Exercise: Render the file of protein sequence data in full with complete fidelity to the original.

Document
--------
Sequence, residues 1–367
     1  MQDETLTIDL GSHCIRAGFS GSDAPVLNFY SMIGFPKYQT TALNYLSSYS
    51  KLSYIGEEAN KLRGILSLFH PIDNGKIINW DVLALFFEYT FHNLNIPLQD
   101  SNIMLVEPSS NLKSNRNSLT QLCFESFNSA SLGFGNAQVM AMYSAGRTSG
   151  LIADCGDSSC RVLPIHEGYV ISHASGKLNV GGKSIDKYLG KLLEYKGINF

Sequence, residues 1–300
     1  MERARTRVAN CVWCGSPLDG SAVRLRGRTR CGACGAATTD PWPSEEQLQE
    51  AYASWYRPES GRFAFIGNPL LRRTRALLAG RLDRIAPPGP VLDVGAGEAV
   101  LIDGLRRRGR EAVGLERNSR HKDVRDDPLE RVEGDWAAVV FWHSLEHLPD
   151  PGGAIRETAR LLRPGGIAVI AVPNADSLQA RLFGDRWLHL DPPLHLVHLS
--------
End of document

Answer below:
Sequence, residues 1–367
     1  MQDETLTIDL GSHCIRAGFS GSDAPVLNFY SMIGFPKYQT TALNYLSSYS
    51  KLSYIGEEAN KLRGILSLFH PIDNGKIINW DVLALFFEYT FHNLNIPLQD
   101  SNIMLVEPSS NLKSNRNSLT QLCFESFNSA SLGFGNAQVM AMYSAGRTSG
   151  LIADCGDSSC RVLPIHEGYV ISHASGKLNV GGKSIDKYLG KLLEYKGINF

Sequence, residues 1–300
     1  MERARTRVAN CVWCGSPLDG SAVRLRGRTR CGACGAATTD PWPSEEQLQE
    51  AYASWYRPES GRFAFIGNPL LRRTRALLAG RLDRIAPPGP VLDVGAGEAV
   101  LIDGLRRRGR EAVGLERNSR HKDVRDDPLE RVEGDWAAVV FWHSLEHLPD
   151  PGGAIRETAR LLRPGGIAVI AVPNADSLQA RLFGDRWLHL DPPLHLVHLS